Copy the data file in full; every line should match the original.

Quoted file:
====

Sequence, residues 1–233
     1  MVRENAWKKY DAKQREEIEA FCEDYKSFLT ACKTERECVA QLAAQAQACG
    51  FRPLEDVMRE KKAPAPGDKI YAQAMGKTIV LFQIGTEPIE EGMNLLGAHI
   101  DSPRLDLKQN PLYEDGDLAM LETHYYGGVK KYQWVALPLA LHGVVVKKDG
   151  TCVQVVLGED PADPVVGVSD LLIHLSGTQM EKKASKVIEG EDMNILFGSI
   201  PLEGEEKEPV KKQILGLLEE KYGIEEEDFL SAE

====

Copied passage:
Sequence, residues 1–233
     1  MVRENAWKKY DAKQREEIEA FCEDYKSFLT ACKTERECVA QLAAQAQACG
    51  FRPLEDVMRE KKAPAPGDKI YAQAMGKTIV LFQIGTEPIE EGMNLLGAHI
   101  DSPRLDLKQN PLYEDGDLAM LETHYYGGVK KYQWVALPLA LHGVVVKKDG
   151  TCVQVVLGED PADPVVGVSD LLIHLSGTQM EKKASKVIEG EDMNILFGSI
   201  PLEGEEKEPV KKQILGLLEE KYGIEEEDFL SAE